In my specific case, I think I have most of these covered. This is an older laptop, and I know that apps grow over time. I think #6 is key as I'd love to learn what these tweaks would be. Ideally, UE would have this documented, or better yet, a setting/quick open mode/shortcut.
          Mofi wrote: Factors controllable by a Windows application programmer:
          #7 sounds like a quick start mode. I think a text editor needs to open at least as fast as a browser, and I know browsers do a lot of this preloading.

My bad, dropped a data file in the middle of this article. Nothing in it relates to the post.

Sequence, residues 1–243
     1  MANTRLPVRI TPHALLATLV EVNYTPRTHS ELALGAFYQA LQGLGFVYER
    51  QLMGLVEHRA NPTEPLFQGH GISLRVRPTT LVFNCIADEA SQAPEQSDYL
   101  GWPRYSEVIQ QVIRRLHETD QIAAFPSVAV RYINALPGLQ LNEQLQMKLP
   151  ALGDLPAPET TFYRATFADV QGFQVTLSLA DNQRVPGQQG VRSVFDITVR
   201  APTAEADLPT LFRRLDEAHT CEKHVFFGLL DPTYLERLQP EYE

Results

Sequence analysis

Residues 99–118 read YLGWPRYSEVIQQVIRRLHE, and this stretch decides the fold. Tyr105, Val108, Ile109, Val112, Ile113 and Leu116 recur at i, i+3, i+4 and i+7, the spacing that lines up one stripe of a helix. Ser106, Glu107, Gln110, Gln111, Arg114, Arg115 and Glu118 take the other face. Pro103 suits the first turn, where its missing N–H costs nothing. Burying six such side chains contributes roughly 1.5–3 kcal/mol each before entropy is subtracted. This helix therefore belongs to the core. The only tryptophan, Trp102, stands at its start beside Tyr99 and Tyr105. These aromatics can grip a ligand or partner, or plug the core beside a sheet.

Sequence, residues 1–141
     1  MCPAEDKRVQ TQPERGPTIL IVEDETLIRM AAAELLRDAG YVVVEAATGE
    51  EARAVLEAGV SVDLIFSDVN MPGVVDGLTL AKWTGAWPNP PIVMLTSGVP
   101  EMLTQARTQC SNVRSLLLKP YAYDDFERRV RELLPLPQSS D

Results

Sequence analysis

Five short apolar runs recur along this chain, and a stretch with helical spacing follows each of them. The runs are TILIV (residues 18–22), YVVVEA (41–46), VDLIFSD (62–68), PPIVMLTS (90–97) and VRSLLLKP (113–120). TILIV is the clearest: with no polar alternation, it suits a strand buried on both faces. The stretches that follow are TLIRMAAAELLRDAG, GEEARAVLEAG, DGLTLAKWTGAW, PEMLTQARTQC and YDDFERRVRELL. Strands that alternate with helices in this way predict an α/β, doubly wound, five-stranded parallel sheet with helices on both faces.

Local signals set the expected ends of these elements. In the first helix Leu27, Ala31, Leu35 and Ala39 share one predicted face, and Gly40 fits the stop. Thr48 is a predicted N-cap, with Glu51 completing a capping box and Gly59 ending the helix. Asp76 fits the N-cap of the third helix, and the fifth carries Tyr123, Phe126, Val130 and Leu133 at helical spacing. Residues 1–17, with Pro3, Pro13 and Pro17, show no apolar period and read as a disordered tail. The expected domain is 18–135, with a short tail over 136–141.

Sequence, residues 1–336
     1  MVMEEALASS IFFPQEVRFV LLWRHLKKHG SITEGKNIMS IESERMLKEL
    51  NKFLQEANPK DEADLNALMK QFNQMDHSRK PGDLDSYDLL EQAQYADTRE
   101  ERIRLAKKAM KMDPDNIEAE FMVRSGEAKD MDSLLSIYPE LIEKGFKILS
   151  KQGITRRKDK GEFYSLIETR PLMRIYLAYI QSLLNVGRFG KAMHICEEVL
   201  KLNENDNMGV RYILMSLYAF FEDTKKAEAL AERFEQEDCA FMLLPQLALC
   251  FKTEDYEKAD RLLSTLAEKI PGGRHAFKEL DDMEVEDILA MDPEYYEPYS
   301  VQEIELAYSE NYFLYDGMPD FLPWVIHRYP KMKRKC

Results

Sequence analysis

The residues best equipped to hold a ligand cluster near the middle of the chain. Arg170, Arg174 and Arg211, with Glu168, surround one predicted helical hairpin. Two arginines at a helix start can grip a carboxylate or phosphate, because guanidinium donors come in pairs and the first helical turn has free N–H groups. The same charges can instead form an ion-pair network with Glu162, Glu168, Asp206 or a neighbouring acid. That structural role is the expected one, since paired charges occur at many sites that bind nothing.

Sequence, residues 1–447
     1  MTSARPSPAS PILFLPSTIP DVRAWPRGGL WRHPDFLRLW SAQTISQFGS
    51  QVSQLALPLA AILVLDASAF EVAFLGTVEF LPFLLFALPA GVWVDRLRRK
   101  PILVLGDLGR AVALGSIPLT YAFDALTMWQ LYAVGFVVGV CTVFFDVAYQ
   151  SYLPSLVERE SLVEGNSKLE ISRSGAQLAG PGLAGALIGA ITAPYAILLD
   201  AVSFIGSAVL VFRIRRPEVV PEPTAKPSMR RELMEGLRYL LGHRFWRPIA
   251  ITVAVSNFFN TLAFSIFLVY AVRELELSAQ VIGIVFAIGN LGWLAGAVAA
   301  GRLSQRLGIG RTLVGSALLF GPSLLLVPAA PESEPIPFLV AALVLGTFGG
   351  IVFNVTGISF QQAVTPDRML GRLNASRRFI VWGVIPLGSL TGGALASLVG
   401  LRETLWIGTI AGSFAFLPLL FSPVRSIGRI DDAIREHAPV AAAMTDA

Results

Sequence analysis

Mofi wrote: There could be used initially only one syntax highlighting wordfile with only up to 10 languages inside with only up to 8 color groups. Now there can be lots of separate wordfiles in the wordfiles directory each with up to 20 color groups. It should be clear that it takes more time to load on startup more wordfiles with more settings and words than 15 years ago. The user can decrease the time required by UltraEdit to read all the wordfiles and interpret them on startup by removing those wordfiles never used by the user. However, I could see with Process Monitor also that changes were made in code of UltraEdit to load the wordfiles faster and especially apply the syntax highlighting and all the syntax highlighting based features later on the files loaded on startup by using threads Most users of UltraEdit use the document window maximized and so it is enough to syntax highlighting first the active file and process the other files with threads in background on searching for function strings and code folding strings, etc. and that is done now by UltraEdit.